Crocheting at Delridge Library

Crocheting at Delridge Library

Because this is the most ambitious version of the project, spanning city blocks, I wanted to get anyone involved who would like to participate, not just those able to attend the workshops that will be at the museum before and during the fair.

I would so value your contribution!

What I have loved about this project since I have been working on it since 2009, is it creates individual connections between people, even though it represents the gathering together of our larger communities around water.  I began crocheting for this summer’s iteration and a poet who was teaching a class my son was in, says to me, ‘oh that reminds me of an artwork I saw a few summers ago, and I was inspired to write a poem about it’, not realizing that I was the artist who had created the piece that spurred her on to write.  I love that this artwork seems to have a life of its own, because so many people are still a part of it, their energy, hopes and desires still move it along.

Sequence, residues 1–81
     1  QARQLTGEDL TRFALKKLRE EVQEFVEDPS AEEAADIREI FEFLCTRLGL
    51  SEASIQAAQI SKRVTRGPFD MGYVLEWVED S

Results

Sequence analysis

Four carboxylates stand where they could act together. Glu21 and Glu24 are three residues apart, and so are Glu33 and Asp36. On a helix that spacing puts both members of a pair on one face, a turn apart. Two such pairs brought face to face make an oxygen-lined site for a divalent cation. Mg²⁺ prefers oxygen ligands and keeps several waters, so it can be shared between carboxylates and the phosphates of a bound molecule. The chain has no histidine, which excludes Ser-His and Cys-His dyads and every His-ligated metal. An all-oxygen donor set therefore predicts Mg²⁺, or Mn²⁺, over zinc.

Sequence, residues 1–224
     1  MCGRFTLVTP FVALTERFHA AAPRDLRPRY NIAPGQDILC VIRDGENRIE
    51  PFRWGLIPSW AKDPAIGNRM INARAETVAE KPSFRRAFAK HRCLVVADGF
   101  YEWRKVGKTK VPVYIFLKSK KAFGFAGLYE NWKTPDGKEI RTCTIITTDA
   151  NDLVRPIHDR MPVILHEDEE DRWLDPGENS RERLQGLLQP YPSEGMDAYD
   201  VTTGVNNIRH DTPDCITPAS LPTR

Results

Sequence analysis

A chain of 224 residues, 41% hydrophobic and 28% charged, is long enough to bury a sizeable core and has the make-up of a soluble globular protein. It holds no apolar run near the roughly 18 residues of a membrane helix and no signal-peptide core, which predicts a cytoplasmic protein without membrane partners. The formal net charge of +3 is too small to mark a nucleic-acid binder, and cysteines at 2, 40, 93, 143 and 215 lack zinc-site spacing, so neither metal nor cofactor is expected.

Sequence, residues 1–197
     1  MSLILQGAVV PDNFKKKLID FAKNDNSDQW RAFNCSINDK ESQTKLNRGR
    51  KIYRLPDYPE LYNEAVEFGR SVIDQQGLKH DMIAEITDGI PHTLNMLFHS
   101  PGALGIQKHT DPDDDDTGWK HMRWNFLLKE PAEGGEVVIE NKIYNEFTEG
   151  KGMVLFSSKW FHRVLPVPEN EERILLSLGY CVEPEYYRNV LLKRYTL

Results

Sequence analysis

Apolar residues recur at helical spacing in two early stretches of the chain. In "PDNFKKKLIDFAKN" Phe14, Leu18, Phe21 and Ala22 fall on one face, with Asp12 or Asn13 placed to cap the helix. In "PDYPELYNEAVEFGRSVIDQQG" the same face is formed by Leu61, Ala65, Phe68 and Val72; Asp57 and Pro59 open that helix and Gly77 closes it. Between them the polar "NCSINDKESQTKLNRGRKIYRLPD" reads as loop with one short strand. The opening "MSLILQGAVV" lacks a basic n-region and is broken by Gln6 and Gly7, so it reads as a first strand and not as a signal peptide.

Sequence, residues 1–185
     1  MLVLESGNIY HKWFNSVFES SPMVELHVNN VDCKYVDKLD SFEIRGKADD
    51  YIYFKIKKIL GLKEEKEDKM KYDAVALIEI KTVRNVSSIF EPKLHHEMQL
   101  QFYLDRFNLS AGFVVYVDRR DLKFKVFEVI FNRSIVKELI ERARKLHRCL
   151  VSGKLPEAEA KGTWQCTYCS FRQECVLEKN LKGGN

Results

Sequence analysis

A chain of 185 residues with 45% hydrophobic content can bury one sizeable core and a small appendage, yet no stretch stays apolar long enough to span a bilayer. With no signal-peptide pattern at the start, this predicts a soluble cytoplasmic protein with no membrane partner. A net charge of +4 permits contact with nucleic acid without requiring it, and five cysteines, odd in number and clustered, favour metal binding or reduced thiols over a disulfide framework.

So welcome!  The first thing I need you to know is, there are really no mistakes involved in this process.  You can contribute in anyway you want to, however little or large you life allows.

You can crochet alone, or ask a few friends to a coffee shop.  Or you and a few friends could invite a few friends, or even make a public Facebook invite that invites anyone who wants to learn to crochet to join you. 

Do you have to know how to crochet to participate?  Well, you need to learn, and I wish I was there to teach you, but there are so many great sources to learn the basic stitches on Youtube (chain and single or double crochet).   But I think an exciting thing to do would be to put the word out among your friends and acquaintances that you want to learn and meet for coffee, talk, share something new about yourselves.  And anything you make is perfect for the installation, within just a few parameters.